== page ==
Asparagus with vinagrette were the canned white variety, and the stuffed mushrooms were tiny and tasty, but overcookded. As a result, I couldn't tell what they were stuffed with.
A decent gazpacho, crunchy with chopped raw vegetables, and a hearty vegetable soup were both sampled.
Recommended main courses include a good paella Valenciana, the rice heady with saffron and the dish filled with a variety of shellfish, chicken and Spanish sausage.
The shellfish stew called mariscada - it is served with either a green sauce or a red sauce with wine - was equally good, as were the shrimps with hot sauce. The last named dish actually wasn't very spicy, but had a very good tomato based sauce, and there must have been one and a half pounds of shrimp, along with chopped onions and peppers, in the big metal casserole the dish was served in.
Steamed lobster was very good, and reasonable...Salmon broiled with lemon and butter was lightly cooked, as requested, and filet mignon with a wine, brandy and mushroom sauce was also cooked as requested.
However, there was nothing mignon about the cut. In many other restaurants, it would have been called chateaubriand and only served for two people.
A decent flan that is made on the premises is offered for dessert, but most of the other desserts are brought in. However, both the regular and chocolate cheesecake are worth ordering, but I wish they would make some of the wonderful desserts found in Spain.for the The New York Times
by Valerie Sinclair
The Courier News
★ ★ ★ (very good)
For those who have been reluctant to navigate the somewhat confusing ethnic neighborhoods of Newark to reach the city's highly touted Spanish and Portuguese restaurants, here's some good news.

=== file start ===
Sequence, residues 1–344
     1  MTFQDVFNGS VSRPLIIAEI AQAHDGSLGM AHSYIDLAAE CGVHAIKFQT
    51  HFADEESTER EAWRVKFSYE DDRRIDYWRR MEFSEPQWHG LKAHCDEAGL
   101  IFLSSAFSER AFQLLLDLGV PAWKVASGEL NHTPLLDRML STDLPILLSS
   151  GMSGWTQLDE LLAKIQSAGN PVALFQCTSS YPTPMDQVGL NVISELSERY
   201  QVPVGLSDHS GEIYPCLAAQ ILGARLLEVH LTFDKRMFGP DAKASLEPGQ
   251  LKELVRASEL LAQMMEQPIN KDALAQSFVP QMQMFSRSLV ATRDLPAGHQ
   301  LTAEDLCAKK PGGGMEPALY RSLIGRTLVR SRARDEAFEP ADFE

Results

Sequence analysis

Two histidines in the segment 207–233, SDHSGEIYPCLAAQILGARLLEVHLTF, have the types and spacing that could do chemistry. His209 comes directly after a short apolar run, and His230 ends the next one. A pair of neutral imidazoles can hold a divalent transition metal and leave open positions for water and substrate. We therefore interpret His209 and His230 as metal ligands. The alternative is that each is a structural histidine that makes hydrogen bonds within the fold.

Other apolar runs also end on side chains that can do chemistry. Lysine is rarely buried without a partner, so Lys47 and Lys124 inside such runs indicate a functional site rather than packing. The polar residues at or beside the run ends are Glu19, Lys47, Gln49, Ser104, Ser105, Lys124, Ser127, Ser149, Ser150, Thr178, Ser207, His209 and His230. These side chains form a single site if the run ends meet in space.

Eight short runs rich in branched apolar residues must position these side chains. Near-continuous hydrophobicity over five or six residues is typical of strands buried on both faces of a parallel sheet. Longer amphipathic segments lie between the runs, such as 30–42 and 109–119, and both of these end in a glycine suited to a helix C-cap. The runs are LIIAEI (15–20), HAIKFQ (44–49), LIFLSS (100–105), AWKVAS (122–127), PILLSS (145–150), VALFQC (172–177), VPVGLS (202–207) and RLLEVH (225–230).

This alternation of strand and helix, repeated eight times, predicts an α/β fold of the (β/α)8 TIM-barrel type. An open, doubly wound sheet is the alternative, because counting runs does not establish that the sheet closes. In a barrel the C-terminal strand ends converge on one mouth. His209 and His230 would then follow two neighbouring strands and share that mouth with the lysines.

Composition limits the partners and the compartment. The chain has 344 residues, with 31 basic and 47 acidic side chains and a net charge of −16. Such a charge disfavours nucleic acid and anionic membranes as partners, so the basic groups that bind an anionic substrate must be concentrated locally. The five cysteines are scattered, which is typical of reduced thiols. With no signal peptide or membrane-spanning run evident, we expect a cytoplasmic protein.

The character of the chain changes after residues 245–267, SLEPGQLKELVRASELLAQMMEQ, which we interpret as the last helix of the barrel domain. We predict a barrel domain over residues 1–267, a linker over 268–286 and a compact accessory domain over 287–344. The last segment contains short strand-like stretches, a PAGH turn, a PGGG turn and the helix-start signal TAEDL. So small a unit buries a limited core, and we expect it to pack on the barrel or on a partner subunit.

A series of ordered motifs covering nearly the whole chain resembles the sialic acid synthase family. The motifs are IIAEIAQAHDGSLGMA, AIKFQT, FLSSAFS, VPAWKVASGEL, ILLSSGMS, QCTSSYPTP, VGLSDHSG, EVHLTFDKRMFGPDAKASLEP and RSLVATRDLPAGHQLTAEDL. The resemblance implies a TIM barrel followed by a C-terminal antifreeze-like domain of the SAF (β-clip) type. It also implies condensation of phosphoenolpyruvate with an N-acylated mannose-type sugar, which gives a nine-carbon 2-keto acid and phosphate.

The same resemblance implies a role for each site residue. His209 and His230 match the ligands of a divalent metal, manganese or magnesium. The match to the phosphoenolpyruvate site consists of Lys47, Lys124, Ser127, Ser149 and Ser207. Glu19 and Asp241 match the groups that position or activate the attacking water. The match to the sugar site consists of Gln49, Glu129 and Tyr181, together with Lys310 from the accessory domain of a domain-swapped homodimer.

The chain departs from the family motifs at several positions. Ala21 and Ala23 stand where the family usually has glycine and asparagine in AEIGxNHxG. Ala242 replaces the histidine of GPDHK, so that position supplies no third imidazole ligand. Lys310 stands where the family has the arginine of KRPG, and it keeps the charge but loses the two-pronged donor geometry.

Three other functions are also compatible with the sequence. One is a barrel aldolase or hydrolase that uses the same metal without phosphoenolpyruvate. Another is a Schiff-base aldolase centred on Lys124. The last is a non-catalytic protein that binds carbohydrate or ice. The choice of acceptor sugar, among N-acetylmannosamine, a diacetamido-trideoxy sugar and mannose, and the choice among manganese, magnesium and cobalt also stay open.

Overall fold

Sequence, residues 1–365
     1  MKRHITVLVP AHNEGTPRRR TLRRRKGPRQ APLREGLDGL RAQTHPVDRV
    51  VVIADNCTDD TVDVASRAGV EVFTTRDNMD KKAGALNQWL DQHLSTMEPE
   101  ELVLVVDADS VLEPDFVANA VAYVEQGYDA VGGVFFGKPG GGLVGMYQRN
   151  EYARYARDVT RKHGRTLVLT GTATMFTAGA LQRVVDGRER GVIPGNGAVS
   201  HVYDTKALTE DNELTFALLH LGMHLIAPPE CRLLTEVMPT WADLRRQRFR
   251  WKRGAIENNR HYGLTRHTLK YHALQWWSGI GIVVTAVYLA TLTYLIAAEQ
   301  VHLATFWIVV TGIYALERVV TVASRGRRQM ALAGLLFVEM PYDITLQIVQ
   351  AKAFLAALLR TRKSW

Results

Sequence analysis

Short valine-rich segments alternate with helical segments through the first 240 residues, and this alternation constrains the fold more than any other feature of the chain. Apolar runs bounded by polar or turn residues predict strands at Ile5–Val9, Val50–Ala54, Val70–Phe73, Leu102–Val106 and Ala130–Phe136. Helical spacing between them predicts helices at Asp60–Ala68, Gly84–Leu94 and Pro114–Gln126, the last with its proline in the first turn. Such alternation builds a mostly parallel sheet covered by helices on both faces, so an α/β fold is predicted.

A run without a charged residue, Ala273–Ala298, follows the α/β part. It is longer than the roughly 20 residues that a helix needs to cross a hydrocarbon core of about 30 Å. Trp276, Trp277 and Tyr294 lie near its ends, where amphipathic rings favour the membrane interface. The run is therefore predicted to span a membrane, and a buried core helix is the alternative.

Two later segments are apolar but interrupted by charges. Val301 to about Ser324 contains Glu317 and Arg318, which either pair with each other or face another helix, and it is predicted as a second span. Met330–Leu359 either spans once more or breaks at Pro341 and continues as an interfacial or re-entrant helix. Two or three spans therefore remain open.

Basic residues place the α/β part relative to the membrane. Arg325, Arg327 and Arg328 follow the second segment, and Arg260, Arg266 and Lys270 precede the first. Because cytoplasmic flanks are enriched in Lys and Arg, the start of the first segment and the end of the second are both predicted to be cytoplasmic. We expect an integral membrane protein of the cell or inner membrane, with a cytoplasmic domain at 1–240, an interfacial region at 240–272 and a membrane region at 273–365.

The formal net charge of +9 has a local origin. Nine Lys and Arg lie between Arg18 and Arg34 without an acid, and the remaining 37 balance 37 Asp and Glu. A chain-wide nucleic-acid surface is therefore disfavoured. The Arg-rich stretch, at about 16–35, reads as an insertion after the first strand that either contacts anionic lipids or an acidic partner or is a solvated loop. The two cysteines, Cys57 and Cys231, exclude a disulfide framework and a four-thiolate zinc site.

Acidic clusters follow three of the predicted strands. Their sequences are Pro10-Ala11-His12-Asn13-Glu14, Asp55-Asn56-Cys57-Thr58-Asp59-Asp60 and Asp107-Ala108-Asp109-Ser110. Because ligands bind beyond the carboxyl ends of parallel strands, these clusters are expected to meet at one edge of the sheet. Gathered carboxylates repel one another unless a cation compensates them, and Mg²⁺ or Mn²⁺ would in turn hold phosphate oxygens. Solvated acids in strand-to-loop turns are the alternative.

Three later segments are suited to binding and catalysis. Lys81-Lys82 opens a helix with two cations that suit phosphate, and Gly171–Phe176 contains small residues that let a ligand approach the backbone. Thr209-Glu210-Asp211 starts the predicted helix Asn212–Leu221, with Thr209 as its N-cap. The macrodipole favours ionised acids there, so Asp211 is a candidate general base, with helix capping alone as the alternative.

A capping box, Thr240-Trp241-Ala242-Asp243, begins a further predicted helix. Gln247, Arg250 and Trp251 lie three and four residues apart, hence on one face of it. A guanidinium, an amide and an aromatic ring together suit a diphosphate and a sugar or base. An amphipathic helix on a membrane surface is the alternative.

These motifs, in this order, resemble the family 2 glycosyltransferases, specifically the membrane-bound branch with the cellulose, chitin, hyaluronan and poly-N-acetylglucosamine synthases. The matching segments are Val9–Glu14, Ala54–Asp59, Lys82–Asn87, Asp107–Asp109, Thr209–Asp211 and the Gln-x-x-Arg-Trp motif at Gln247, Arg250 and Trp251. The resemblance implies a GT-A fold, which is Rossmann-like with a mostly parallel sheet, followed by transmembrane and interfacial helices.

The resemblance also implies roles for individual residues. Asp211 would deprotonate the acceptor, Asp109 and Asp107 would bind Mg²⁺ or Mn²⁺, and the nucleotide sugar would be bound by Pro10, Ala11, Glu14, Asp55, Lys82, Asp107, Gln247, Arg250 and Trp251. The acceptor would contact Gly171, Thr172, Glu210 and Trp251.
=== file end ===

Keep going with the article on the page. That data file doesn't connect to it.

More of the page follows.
A Spanish restaurant of substance has recently opened in Piscataway, and the cuisine can compete and, in come cases, surpass the more renowned Iberian establishments.
The Spain Inn occupies the building that was once the site of the Schooner Inn. Because Spanish food relies heavily upon seafood preparations, the atmosphere translates well in accommodating the Mediterranean theme.
Formally attired waiters were very attentive and helpful. They were anxious to please and respond to requests...
Servings are traditionally large at Spanish restaurants and that custom was evident this evening as well. The Menu offers a welcome and a reminder that "whatever the occasion, we are here to serve you." a visit to the Spain Inn is bound to offer an occasion of culinary enjoyment.for the The Courier News
by Mary Buckingham and Jeff Ross
The Home News
Sometimes you're in the mood for something nouvelle ...
And then there are times when you crave something more classic and satisfying - a thick and aged steak, fresh seafood, or a perfectly constructed Paella. When this mood strikes, head out to Spain Inn in Piscataway, where the food is classically Spanish, with a special emphasis on seafood, and every dish comes in more than ample proportions - so ample that one takeout contanier of leftovers fed two people for dinner.
The Spain Inn looks like its name - a rustic Spanish inn, or at least someone's idea of a Spanish inn. The interior is decorated in heavy, dark woods and prints of bullfighting and other Spanish scenes adorn the walls.
The Spain Inn has been open for (16+) years and is owned by partners Manny Kouroupas...and Jose "pepe" Rodrigues...and his brother Luis...The Rodrigues brothers have been in the restaurant business for the past (27+) years, starting as bus boys and working their ways up the ladder.
The menu at Spain Inn is extensive, authentic and representative of all regions of Spain. Entrees came on huge platters with saffron rice... Fried fish and seafood is typical of the cooking in the Andalusia region of Spain,...The Pollo al Ajillo is a dish found on almost every Spanish restaurant menu Spain Inn's version was delicious and more food than anyone should be able to eat at one sitting.
Beef does not play a major role in traditional Spanish cuisine, but gringo meat lovers will be more than satisfied by the Medio Bistec de Lomo, what Spain Inn describes as a small sirloin steak. If this is small, you can imagine what the larger version...is like. The 3/4 inch thick steak came medium rare as ordered and must have had a good pedigree because it was both full of flavor and tender.by Jeff Milgram